NBA mostly keeps low profile in public campaign to free Brittney Griner

The NBA is a $10 billion corporation that has the power and reach not just to promote its teams and players but to provoke discussion and debate around social issues. It has used that influence most prominently to fight racism in the United States.

Yet, when it has come to Brittney Griner, the WNBA star who has been detained in Russia since February, the NBA’s teams have been mostly absent from the public campaign for her release. The NBA founded the WNBA and still owns about half of it, but the NBA has been relatively muted outside news conferences as Griner’s family, her agent and the women’s league and its players have led the public push for her freedom. NBA players have also shown support.


Officials in both leagues said they had stayed quiet at first at the urging of U.S. government officials who worried that publicizing the case would backfire and jeopardize Griner even further. But even after the U.S. State Department said that it had determined she had been “wrongfully detained” and government officials began regularly speaking about Griner, the NBA and team owners remained mostly quiet, fueling sentiments that the case has not gotten the kind of spotlight Griner’s supporters have demanded.

NBA Commissioner Adam Silver has said publicly that the league and its teams are using their influence and connections to help Griner in ways the public doesn’t see. It is difficult to say whether they are doing enough when even experts in diplomacy disagree on what “enough” would be or if public or private advocacy would be more effective.

“There are no easy answers,” said Ian Bremmer, a political scientist who runs a political risk research and consulting firm. “Could the NBA have done more? Yes, they could have.”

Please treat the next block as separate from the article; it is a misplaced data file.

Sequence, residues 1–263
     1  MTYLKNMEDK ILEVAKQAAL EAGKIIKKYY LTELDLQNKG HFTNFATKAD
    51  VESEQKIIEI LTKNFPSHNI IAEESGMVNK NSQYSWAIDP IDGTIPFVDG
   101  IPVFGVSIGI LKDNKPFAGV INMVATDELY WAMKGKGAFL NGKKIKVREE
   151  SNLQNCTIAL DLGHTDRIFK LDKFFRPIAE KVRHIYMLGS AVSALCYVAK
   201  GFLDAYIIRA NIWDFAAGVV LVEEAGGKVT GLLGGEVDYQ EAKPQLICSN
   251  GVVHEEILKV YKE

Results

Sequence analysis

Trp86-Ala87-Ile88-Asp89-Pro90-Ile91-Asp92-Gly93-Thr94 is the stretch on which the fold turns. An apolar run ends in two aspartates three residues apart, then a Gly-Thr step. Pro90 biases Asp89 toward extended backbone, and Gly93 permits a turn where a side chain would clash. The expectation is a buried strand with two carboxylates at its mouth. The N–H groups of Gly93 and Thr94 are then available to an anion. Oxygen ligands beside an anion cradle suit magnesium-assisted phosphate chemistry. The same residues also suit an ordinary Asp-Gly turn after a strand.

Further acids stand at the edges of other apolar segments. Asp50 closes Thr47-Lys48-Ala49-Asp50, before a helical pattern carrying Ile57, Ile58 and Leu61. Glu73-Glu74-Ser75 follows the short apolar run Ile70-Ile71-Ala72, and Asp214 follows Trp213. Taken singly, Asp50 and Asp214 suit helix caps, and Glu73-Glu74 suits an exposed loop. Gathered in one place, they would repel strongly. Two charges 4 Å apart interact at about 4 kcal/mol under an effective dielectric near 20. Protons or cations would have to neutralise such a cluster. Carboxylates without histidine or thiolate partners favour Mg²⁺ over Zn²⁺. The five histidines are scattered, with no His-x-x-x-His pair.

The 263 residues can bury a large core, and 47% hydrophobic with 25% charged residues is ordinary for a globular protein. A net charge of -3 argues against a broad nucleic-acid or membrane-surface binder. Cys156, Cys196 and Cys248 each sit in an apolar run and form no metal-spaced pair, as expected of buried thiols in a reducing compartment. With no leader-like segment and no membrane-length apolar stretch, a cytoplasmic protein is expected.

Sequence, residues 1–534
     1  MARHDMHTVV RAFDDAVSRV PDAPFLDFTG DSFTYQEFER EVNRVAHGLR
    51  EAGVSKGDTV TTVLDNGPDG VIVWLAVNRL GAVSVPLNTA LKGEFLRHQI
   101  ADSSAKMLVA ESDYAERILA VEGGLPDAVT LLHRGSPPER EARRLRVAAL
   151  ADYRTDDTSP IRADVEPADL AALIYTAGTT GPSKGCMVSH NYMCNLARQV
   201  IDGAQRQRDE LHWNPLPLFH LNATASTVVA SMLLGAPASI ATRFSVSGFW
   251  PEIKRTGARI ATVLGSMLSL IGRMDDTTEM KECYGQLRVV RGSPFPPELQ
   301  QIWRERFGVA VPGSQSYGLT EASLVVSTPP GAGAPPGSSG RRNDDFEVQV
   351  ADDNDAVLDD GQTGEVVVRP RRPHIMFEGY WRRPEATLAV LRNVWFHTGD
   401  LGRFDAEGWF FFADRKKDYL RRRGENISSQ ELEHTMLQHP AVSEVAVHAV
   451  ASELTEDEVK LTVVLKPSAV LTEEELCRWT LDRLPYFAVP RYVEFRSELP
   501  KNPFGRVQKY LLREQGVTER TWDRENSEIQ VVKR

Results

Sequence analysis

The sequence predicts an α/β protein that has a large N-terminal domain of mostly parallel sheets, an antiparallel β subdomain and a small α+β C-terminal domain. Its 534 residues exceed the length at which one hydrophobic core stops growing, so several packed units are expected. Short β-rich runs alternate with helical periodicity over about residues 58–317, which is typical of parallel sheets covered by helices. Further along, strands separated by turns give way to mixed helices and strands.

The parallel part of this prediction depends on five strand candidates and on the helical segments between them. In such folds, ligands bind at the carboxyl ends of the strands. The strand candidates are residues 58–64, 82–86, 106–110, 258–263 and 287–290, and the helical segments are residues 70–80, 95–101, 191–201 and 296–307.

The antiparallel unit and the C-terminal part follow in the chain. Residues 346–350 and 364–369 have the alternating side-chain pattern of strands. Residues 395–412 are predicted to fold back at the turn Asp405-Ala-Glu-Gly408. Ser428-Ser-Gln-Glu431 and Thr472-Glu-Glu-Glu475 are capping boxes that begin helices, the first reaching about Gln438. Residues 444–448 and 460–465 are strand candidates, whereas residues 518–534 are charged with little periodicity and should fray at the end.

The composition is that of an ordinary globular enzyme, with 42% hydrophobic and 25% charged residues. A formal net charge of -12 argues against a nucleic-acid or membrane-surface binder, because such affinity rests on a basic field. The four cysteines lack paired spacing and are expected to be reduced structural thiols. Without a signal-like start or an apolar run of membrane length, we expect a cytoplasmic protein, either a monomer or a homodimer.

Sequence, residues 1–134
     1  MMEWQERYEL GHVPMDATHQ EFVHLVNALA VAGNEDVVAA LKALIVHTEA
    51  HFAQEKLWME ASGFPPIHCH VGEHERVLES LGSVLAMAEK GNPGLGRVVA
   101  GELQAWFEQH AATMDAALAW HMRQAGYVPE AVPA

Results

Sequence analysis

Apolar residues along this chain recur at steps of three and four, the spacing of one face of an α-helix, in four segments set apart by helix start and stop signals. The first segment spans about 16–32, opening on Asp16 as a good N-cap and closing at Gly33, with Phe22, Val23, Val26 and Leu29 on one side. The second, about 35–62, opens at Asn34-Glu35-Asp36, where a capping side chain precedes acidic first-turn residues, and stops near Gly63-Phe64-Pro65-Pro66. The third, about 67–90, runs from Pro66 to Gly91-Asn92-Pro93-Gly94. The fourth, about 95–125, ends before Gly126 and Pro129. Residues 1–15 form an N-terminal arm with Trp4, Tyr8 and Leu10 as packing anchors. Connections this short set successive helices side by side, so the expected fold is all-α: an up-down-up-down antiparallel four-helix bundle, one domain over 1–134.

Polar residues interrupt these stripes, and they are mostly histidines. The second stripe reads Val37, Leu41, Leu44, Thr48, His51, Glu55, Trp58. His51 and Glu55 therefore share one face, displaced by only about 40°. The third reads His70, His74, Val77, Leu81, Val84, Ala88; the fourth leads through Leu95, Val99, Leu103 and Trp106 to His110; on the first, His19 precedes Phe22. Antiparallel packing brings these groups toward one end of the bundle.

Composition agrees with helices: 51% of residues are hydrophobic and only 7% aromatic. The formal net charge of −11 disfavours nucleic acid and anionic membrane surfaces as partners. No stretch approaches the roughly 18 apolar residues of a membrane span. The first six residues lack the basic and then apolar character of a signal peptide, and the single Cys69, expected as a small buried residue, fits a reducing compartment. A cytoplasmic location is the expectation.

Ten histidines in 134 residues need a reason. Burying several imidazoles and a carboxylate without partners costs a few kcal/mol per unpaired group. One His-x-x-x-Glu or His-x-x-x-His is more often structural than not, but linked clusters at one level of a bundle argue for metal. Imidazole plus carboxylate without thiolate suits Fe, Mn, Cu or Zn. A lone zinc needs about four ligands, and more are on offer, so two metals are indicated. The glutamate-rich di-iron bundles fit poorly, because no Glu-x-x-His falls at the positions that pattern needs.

On the other hand, Bremmer said, pressure from the NBA could prompt Russia to ask for more in a deal to release Griner. Experts have suggested that a prisoner swap could free Griner.

“How you value all of those things depends on your perspective,” Bremmer said.

The NBA players union said its members had been deeply concerned about Griner, and it pointed to players’ public shows of support at playoff games and award shows and on social media. Silver and WNBA Commissioner Cathy Engelbert have said that NBA owners also care but have kept their advocacy out of the public eye. The New York Times contacted owners of all 30 NBA teams — directly or through representatives — and none agreed to be interviewed about Griner.

Through a spokesperson, Silver declined to be interviewed for this article, but in a statement, he reiterated his public comments that the league had been “actively engaged” with government officials and experts.

“The NBA and its teams are also using their influence to draw attention to Brittney’s situation, but ultimately this is a matter to be resolved by the United States government due to the serious and complex geopolitical issues at play,” Silver said in the statement.

The nuance of the league’s position isn’t lost even on those who are most intimately aware of what it means to be wrongfully detained abroad. Consider Jason Rezaian, a Washington Post opinion writer who was detained in Iran for a year and a half on spurious charges and freed in a prisoner swap in 2016.